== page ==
In a case taken by Pepper Finance Corporation, solicitor Ger O'Neill told the court that the husband had walked out on his wife and child, leaving behind a total debt on their property of €447,650, arrears of €113,541 and monthly installments of €1,800 due to the bank. 

“She's in an awful situation, and is taking a case in the family law courts. It would be unfair on her to grant any order when family law proceedings are outstanding,” Mr O'Neill said. While this case too was adjourned, Mr Wallace cautioned: “I think it’s heading one way.”

In a case taken by Bank of Ireland Mortgage Bank against one man, the court heard that representatives from the bank called to his door five times and received no answer.

When they called again on the morning of December 2 last, they found a young and older man present, but they told the representative that they were plumbers and refused to give their names. The order for possession was granted, for service by pre-paid post.

In a case taken against two males by Bank of Ireland Mortgage Bank, which has appeared on the court's list six times, Mr Wallace said he wasn’t satisfied that the service of proceedings was correct and expressed “concerns about the quality of service in this case”.

The property has been vacant for some time, with arrears of €42,905 owed. He said he would not be making an order again on this occasion, and adjourned it.

In a case taken by AIB Mortgage Bank against a couple with four children, including a baby and a child with special needs, Mr Wallace said that their monthly payments due of €1,545 were becoming “unsustainable”. A sum of €500 was received in December. “The debt will only increase and increase,” he warned. “There has to be some sense of reality.”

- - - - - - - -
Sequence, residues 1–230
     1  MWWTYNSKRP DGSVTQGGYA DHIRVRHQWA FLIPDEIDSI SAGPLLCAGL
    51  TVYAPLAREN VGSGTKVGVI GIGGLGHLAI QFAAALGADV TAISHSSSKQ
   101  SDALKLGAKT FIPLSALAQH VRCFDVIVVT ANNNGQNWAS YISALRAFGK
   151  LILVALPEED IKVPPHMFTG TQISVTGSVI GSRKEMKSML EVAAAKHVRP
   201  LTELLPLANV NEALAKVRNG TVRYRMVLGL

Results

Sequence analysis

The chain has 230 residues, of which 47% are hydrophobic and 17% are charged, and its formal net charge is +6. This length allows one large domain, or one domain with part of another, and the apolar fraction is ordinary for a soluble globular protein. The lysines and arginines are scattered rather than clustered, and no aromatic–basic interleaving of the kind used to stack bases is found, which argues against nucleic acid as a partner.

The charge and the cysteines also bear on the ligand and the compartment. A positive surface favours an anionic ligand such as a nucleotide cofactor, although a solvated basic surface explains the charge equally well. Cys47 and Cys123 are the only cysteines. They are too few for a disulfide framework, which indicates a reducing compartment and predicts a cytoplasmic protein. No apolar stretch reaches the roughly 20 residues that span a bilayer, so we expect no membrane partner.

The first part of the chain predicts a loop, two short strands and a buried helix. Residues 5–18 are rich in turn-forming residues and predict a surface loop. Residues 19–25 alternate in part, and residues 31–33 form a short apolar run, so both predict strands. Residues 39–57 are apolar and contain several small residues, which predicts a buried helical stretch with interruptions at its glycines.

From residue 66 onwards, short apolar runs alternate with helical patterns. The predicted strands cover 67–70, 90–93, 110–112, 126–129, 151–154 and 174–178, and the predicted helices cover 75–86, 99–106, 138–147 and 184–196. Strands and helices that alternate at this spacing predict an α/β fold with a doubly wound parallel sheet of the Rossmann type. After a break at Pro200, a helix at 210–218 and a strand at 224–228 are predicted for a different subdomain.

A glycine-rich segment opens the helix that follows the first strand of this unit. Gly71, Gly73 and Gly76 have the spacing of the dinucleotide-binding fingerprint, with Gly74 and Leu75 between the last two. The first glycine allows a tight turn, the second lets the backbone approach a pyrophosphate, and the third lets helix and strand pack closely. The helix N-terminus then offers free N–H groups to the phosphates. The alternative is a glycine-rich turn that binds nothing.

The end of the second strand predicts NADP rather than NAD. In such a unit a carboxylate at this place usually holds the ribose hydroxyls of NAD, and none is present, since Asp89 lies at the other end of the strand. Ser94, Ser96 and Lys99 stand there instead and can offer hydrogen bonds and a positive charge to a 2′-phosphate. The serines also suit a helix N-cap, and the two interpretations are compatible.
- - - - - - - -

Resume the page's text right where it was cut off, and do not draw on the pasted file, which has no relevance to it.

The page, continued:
In a case taken by Bank of Ireland against a separated couple, the court heard that a total debt of €225,834 is due, including arrears of over €69,000, with few repayments made.  “She is in a precarious position,” said her defence. “Family law proceedings have been settled but have yet to be implemented.” Her former partner, who is a farmer, approached the bench and told Mr Wallace that his 62 acres is mortgage free. ”You might want to look at that,” added Mr Wallace.

In a case taken by Ulster Bank, the court heard that a mother of three, with the oldest aged six, has been “abandoned” by her husband who emigrated to Australia, and whom has not offered his former partner any support.

 The mother is surviving on an income of €277 a week.

“If rendered homeless, she and her three children will be a burden on the State,” said her defence. ”It has been impossible to get maintenance from him.”

 Mr Wallace suggested that to the solicitor that she “could make life very uncomfortable for him. He has to honour his obligations. It's up to you to pursue him.” It was adjourned to May 6. 

In a case taken by EBS against one man, who has separated, the court heard that his ex-wife was still living in the property but she did not appear in court. 

A total debt of €171,000 was owed, including arrears of €36,863.  “Where will she go?” asked Mr Wallace.  “I dunno,” her ex-husband replied. The order for possession was granted, with a stay of three months.  The majority of cases were adjourned to May 6 and July 1 to allow further talks with the banks.